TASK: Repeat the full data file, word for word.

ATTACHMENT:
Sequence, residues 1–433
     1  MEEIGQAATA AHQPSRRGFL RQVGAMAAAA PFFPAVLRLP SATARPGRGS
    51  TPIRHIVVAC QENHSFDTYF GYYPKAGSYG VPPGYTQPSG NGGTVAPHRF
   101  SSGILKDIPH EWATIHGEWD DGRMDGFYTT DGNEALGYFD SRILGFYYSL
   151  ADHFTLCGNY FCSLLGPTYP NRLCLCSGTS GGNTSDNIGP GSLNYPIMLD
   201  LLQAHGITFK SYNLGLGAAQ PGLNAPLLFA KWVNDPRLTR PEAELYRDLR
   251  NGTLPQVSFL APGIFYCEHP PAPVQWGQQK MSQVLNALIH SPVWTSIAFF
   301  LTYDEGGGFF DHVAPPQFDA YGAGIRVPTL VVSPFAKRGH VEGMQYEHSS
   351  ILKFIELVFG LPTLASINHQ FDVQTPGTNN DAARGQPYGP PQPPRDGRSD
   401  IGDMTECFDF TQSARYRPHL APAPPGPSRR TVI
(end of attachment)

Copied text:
Sequence, residues 1–433
     1  MEEIGQAATA AHQPSRRGFL RQVGAMAAAA PFFPAVLRLP SATARPGRGS
    51  TPIRHIVVAC QENHSFDTYF GYYPKAGSYG VPPGYTQPSG NGGTVAPHRF
   101  SSGILKDIPH EWATIHGEWD DGRMDGFYTT DGNEALGYFD SRILGFYYSL
   151  ADHFTLCGNY FCSLLGPTYP NRLCLCSGTS GGNTSDNIGP GSLNYPIMLD
   201  LLQAHGITFK SYNLGLGAAQ PGLNAPLLFA KWVNDPRLTR PEAELYRDLR
   251  NGTLPQVSFL APGIFYCEHP PAPVQWGQQK MSQVLNALIH SPVWTSIAFF
   301  LTYDEGGGFF DHVAPPQFDA YGAGIRVPTL VVSPFAKRGH VEGMQYEHSS
   351  ILKFIELVFG LPTLASINHQ FDVQTPGTNN DAARGQPYGP PQPPRDGRSD
   401  IGDMTECFDF TQSARYRPHL APAPPGPSRR TVI